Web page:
Friday, October 16, 2020

Tennessee 48-Hour Abortion Waiting Period Struck Down

 In Adams & Boyle, P.C. v. Slatery, (MD TN, Oct. 14, 2020), a Tennessee federal district court struck down Tennessee's requirement that women seeking an abortion must receive specified information in person and then wait 48 hours before undergoing the procedure. The court, in a 136-page opinion, said in part:

The Court finds and concludes that the mandatory waiting period required by § 39-15-202(a)-(h) substantially burdens women seeking an abortion in Tennessee. Plaintiffs have demonstrated conclusively that the statute causes increased wait times, imposes logistical and financial burdens, subjects patients to increased medical risks, and stigmatizes and demeans women. These burdens are especially difficult, if not impossible, for low-income women to overcome, and the evidence clearly shows that the vast majority of women seeking abortions in Tennessee are low income. Further, plaintiffs have shown that the statute undermines the doctor-patient relationship and imposes operational and financial burdens on abortion providers....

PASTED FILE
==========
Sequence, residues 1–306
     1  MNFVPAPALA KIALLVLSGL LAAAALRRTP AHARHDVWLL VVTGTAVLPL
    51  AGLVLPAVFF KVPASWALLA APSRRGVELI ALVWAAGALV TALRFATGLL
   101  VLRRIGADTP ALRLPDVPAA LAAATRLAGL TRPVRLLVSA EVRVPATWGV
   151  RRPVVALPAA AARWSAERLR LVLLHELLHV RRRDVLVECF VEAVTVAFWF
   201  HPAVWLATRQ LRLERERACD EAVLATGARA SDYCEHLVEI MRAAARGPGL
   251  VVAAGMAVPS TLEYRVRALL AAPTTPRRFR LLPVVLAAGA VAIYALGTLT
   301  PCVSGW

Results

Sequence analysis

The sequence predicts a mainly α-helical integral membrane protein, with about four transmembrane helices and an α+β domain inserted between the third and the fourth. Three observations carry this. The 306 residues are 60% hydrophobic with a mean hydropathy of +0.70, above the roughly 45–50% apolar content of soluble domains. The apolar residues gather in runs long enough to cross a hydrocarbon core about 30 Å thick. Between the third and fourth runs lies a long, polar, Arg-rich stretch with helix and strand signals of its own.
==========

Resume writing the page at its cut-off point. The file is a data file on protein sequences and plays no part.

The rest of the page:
Defendants have failed to show that the challenged mandatory waiting period protects fetal life or the health of women in Tennessee. It is apparent that this waiting period unduly burdens women’s right to an abortion and is an affront to their “dignity and autonomy,” “personhood” and “destiny,” and “conception of . . . [their] place in society.”

Courthouse News Service reports on the decision. [Thanks to Scott Mange for the lead.]